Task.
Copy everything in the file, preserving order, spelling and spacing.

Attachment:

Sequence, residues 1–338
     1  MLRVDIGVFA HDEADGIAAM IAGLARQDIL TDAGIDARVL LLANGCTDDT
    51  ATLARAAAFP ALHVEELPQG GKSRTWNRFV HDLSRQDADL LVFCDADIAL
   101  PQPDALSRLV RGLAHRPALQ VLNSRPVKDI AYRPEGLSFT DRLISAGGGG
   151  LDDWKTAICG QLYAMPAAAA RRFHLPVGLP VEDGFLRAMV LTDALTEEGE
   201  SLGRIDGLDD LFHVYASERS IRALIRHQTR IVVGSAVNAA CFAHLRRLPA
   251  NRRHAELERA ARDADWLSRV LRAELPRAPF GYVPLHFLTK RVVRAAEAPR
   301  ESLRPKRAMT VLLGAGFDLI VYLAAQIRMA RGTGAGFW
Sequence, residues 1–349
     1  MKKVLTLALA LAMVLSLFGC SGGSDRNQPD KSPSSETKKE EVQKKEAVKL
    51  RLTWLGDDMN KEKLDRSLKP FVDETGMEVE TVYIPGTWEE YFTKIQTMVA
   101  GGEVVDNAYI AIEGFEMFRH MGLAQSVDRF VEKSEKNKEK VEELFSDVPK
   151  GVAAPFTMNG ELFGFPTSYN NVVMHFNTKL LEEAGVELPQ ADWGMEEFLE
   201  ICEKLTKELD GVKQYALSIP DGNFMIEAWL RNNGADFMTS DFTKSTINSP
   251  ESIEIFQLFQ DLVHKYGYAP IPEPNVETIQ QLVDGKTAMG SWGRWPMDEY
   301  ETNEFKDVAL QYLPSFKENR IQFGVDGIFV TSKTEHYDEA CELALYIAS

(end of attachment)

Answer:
Sequence, residues 1–338
     1  MLRVDIGVFA HDEADGIAAM IAGLARQDIL TDAGIDARVL LLANGCTDDT
    51  ATLARAAAFP ALHVEELPQG GKSRTWNRFV HDLSRQDADL LVFCDADIAL
   101  PQPDALSRLV RGLAHRPALQ VLNSRPVKDI AYRPEGLSFT DRLISAGGGG
   151  LDDWKTAICG QLYAMPAAAA RRFHLPVGLP VEDGFLRAMV LTDALTEEGE
   201  SLGRIDGLDD LFHVYASERS IRALIRHQTR IVVGSAVNAA CFAHLRRLPA
   251  NRRHAELERA ARDADWLSRV LRAELPRAPF GYVPLHFLTK RVVRAAEAPR
   301  ESLRPKRAMT VLLGAGFDLI VYLAAQIRMA RGTGAGFW
Sequence, residues 1–349
     1  MKKVLTLALA LAMVLSLFGC SGGSDRNQPD KSPSSETKKE EVQKKEAVKL
    51  RLTWLGDDMN KEKLDRSLKP FVDETGMEVE TVYIPGTWEE YFTKIQTMVA
   101  GGEVVDNAYI AIEGFEMFRH MGLAQSVDRF VEKSEKNKEK VEELFSDVPK
   151  GVAAPFTMNG ELFGFPTSYN NVVMHFNTKL LEEAGVELPQ ADWGMEEFLE
   201  ICEKLTKELD GVKQYALSIP DGNFMIEAWL RNNGADFMTS DFTKSTINSP
   251  ESIEIFQLFQ DLVHKYGYAP IPEPNVETIQ QLVDGKTAMG SWGRWPMDEY
   301  ETNEFKDVAL QYLPSFKENR IQFGVDGIFV TSKTEHYDEA CELALYIAS